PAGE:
Refers to the capability to think in images and orient oneself spatially. In addition, spatially intelligent people are able to graphically represent their visual and spatial ideas Includes artists, decorators, architects, pilots, sailors, surveyors, inventors, and guides.
Famous examples: Picasso, Frank Lloyd Wright, and Leonardo DaVinci
Refers to the capacity of using one’s own body skillfully as a means of expression or to work with one’s body to create or manipulate objects. Includes dancers, actors, athletes, sculptors, surgeons, mechanics, and craftspeople.
Famous examples: Michael Jordan, Julia Roberts, and Mikhail Baryshnikov
Refers to the capacity to appreciate a variety of musical forms as well as being able to use music as a vehicle of expression. Musically intelligent people are perceptive to elements of rhythm, melody, and pitch. Includes singers, musicians, and composers.
Famous examples: Mozart, Julie Andrews, Andrea Boccelli and Leonard Bernstein
Refers to the capacity to appropriately and effectively communicate with and respond to other people. The ability to work cooperatively with others and understand their feelings. Includes sales people, politicians, religious leaders, talk show hosts, etc.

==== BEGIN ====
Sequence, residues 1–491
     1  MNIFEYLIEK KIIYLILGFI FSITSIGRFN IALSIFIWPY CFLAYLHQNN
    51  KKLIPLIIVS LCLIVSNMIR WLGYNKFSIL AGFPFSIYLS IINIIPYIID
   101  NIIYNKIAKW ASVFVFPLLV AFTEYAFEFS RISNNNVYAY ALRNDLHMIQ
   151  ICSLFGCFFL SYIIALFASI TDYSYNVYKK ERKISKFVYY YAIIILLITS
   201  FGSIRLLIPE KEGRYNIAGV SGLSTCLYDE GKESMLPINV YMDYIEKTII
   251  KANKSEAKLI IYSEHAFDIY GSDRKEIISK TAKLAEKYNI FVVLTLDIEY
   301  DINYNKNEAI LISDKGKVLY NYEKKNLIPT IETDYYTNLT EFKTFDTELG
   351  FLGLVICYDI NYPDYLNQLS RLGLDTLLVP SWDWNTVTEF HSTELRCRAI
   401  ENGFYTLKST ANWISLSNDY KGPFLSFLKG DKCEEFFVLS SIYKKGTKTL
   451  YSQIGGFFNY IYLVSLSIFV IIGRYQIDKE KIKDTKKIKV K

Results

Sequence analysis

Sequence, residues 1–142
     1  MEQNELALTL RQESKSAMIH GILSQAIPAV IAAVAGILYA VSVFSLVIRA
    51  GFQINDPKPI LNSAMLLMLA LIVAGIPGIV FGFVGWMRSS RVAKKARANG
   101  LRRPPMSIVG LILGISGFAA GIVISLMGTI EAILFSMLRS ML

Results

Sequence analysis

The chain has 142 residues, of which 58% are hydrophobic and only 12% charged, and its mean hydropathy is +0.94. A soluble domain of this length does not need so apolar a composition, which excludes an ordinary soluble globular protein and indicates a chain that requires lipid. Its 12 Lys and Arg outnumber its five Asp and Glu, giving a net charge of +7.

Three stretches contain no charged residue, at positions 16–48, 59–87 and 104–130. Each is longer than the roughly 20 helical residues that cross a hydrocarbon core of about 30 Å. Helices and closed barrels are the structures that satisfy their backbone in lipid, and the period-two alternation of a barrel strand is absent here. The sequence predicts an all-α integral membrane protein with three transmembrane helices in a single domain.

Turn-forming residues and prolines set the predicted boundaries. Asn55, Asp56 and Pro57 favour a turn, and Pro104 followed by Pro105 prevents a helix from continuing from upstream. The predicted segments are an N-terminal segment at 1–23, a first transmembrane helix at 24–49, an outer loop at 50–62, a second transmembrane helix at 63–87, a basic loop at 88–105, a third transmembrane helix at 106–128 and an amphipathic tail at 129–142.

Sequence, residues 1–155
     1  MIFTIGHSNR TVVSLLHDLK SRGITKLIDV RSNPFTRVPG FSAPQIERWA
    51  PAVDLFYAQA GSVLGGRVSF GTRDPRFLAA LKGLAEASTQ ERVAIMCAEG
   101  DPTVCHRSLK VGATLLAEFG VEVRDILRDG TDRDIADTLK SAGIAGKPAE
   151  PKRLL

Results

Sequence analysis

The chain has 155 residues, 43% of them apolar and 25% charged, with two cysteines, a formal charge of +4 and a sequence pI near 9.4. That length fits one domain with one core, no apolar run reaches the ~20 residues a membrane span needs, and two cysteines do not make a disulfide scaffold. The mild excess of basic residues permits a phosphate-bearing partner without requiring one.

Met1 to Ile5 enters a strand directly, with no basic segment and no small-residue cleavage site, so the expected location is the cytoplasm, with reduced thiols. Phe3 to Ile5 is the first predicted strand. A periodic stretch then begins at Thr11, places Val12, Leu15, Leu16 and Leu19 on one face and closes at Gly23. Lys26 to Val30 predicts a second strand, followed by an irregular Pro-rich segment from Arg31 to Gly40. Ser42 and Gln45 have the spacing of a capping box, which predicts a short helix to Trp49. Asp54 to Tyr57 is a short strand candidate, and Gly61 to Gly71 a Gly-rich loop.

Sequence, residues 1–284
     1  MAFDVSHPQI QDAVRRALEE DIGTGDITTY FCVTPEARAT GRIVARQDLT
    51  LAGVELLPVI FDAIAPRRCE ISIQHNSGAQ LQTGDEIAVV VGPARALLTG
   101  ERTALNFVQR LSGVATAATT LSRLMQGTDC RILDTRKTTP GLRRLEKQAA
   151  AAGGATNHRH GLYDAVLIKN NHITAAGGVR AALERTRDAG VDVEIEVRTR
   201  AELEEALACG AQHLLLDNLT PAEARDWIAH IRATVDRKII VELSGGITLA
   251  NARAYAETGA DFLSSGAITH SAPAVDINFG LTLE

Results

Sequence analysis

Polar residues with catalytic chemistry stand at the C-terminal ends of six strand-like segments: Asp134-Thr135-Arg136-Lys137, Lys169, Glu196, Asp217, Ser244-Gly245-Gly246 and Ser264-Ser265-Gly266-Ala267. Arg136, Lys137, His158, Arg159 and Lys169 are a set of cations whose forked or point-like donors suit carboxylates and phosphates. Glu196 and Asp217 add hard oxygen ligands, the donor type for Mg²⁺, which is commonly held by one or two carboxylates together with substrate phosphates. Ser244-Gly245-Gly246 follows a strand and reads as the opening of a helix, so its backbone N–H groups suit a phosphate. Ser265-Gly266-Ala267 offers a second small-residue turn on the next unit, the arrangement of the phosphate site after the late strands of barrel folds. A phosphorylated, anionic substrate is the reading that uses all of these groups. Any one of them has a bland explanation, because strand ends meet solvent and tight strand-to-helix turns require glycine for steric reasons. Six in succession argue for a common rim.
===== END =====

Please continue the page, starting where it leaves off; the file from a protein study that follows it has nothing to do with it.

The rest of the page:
Famous examples: Bill Clinton, Mahatma Gandhi, Oprah Winfrey
Refers to the capacity to accurately know one’s self, including knowledge of one’s own strengths, motivations, goals, and feelings. To be capable of self-reflection and to be introverted and contemplative are also traits held by persons with Intrapersonal intelligence. Includes entrepreneurs, therapists, philosophers, etc.
Famous examples: Freud, Bill Gates, and Plato
Refers to an individual’s capacity to use language effectively as a means of expression and communication through the written or spoken word. Includes poets, writers, orators, and comedians.
Famous examples: Shakespeare, Virginia Woolf, Abraham Lincoln and Walt Whitman
Refers to an individual’s ability to recognize relationships and patterns between concepts and things, to think logically, to calculate numbers, and to solve problems scientifically and systematically. Includes mathematicians, economists, lawyers and scientists.
Famous examples: Albert Einstein, Erwin Schrodinger, and John Dewey
Refers to the ability to identify and classify the components that make up our environment. This intelligence would have been especially apt during the evolution of the human race in individuals who served as hunters, gatherers, and farmers. Includes botanists, farmers, etc.
Famous examples: Charles Darwin, E.O. Wilson